What age Weim should I adopt?

Over the years, we've heard many misconceptions about the best age of Weimaraner to adopt:

"A younger dog will bond faster and closer than an older dog." False! Eight-year-old Cyris moved right in with his new family, which includes another Weimaraner and two children aged six and eight. He loves the kids, and Mom doesn't have to put up with the activity of a very young dog. Cyris loves to retrieve and catch Frisbees. He is eager to learn and was the star of his obedience class. In all our years of rescuing Weimaraners, we have never heard a complaint that an adopted dog didn't bond. Our adoptive homes often report that they feel like they've always had a particular rescue dog. As weeks and months pass, the bond with your adopted dog grows stronger. You will soon forget, regardless of what aged Weimaraner you adopt, that you haven't had this dog all its life.

"What age is best?" If you are 30-something or older, or have a young, active family, we suggest a Weimaraner around four or five years old because puppy hood is just about over. If you like to curl up for an early evening after a rough day at work, a Weim five or older may be the best companion for you. But keep in mind your Weim will still need daily exercise - Cyris is fit and trim at eight years old and very athletic. He loves his daily walks and still plays like a pup.

"Will an older dog adjust to a new home?" Adopted at age five, Susie had been abused. Through the patience and love of her adoptive family, she overcame her fears and happily shared their lives for more than nine years. A year after adopting Susie, the family welcomed four-year-old Gunther into their home. He immediately became pals with Susie and was with the family for nearly 10 years.

"I'm afraid to adopt an older Weimaraner because of losing the dog to death." We all know there are no guarantees in life and that death is part of life. It is particularly hard with canine companions because of the unconditional love they so generously give. But, when you purchase a puppy, you don't know what health problems may appear. By adopting an older Weimaraner, it's pretty much "what you see is what you get."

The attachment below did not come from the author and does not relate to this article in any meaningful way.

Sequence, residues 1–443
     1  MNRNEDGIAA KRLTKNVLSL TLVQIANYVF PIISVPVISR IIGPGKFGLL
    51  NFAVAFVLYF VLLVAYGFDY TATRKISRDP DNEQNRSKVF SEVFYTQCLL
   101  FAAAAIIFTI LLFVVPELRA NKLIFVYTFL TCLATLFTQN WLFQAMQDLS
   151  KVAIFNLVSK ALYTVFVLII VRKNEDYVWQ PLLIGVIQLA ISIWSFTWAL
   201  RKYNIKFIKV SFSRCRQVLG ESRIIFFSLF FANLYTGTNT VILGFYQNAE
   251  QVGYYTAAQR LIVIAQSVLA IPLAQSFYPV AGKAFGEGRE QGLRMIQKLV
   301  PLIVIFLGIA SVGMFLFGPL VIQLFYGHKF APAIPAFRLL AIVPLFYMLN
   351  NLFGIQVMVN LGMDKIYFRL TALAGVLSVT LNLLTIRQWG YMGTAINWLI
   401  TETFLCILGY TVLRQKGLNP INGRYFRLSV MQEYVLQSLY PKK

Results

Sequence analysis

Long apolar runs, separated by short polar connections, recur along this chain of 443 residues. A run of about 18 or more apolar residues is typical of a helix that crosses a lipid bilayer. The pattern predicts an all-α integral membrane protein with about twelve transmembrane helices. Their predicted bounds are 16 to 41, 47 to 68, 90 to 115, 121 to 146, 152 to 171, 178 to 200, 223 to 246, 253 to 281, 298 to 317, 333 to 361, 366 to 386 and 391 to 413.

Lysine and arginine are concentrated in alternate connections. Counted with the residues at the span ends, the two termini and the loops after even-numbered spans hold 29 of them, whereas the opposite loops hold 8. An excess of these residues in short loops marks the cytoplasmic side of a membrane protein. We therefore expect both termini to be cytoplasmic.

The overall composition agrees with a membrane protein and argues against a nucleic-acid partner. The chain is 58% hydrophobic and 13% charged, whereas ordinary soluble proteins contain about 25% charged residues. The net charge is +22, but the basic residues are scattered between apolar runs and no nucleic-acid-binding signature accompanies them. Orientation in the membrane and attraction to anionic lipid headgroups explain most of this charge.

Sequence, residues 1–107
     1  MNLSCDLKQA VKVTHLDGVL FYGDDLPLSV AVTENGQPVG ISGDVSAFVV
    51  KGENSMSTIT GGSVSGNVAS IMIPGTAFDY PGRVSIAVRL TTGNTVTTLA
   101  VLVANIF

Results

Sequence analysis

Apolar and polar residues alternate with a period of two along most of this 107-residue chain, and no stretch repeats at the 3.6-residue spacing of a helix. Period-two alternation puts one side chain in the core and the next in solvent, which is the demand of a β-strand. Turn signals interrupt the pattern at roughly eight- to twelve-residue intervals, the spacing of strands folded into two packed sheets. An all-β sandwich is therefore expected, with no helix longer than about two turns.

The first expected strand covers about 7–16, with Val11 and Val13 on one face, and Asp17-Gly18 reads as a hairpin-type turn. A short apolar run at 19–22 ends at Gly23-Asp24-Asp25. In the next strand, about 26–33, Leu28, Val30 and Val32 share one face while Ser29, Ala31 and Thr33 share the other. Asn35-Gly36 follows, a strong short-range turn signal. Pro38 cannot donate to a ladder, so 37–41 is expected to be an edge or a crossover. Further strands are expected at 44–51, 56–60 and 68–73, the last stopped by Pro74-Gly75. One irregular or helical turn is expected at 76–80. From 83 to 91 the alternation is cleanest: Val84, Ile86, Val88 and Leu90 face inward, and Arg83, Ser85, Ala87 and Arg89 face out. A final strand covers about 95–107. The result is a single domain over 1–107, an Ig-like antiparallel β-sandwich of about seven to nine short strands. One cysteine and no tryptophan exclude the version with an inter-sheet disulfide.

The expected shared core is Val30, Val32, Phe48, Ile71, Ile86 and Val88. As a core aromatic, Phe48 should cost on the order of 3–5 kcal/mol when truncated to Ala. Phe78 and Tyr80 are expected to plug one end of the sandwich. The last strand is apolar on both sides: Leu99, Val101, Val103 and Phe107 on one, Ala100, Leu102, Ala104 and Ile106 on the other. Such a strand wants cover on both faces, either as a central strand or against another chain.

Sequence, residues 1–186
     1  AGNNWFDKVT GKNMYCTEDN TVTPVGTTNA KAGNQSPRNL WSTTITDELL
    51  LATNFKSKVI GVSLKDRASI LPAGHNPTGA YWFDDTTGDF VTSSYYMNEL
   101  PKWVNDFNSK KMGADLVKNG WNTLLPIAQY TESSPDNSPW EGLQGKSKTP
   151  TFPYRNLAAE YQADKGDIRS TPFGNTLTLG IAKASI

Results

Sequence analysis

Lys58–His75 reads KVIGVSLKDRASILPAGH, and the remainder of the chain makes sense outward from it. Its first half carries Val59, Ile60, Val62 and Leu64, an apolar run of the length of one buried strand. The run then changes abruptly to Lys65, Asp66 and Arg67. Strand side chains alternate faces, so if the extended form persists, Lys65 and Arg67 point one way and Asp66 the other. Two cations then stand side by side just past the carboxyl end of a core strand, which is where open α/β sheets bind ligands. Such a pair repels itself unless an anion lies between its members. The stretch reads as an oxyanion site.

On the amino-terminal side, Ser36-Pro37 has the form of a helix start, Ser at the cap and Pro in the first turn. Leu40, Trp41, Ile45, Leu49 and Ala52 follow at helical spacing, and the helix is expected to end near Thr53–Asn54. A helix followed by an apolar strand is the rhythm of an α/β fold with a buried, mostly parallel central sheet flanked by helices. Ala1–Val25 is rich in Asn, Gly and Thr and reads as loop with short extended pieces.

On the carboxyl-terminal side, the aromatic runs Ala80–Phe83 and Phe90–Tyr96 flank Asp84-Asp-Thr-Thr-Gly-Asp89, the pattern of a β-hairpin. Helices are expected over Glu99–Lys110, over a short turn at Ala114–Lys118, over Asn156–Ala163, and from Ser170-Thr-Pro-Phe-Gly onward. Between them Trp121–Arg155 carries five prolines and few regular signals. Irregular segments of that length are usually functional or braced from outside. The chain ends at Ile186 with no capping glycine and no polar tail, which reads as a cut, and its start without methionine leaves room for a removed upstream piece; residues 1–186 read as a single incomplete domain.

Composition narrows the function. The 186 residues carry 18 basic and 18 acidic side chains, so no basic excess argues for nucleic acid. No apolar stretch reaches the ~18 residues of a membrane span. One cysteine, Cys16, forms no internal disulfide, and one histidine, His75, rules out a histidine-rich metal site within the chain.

Just think - no housebreaking or getting up in the early dawn hours to take your Weim outside. No teething to destroy your lovely furniture. And, many of our Weimaraners have had some obedience training. You get a ready-made friend all you need to add is loving care and companionship.

Should I get a Male or a Female?

Frequently, people we talk with about adopting a Weimaraner believe that the female is more affectionate than the male. This is simply not true. Most owners of male Weimaraners wouldn't trade their "boys" any day because they are loving and affectionate. Some owners have commented that their males bonded closely with their families and follow them "like a shadow." Others note how well their dogs get along with other breeds in the household.

As in many other breeds, female Weimaraners are affectionate, but tend to be more independent and bossy than males. In homes with both males and females, the "leader of the pack" is usually a female. Some owners of both males and females say that the females rule the roost, but the males have more distinctive personalities. Devoted to her family, "top dog" Sophie shares her home with two male Weimaraners and two rescued German Shorthaired Pointers. All five are certified therapy dogs, but the male Weimaraners are favorites with the nursing home residents.

Another misconception is that males will mark inside the house. The Weimaraner is a very clean dog and, unless it is ill or very stressed and confused, would rather hold its bladder than soil its home. Accidents can happen, but if a dog of either sex often urinates in the house, it should be examined by a veterinarian for a possible health problem.

The main difference between males and females is size. A female usually weighs 55 to 65 pounds, while a male usually weighs between 70 and 85 pounds. Of course, genetics varies this figure. We will be happy to put you in touch with people who have always had females and have adopted males, and swear they will always have males in the future. If you would like to talk to someone who has "made the switch," and we'll have someone contact you.

Crate Training

The best thing you can do for you and your new dog is to crate train him. Many who think crates are cruel often change their minds when they come home to find their new dog has frantically chewed up shoes, lamp wires, sofa cushions and legs of dining room chairs because of stress of being left alone. Weimaraners can do considerable chewing damage and even injure themselves if left alone uncrated.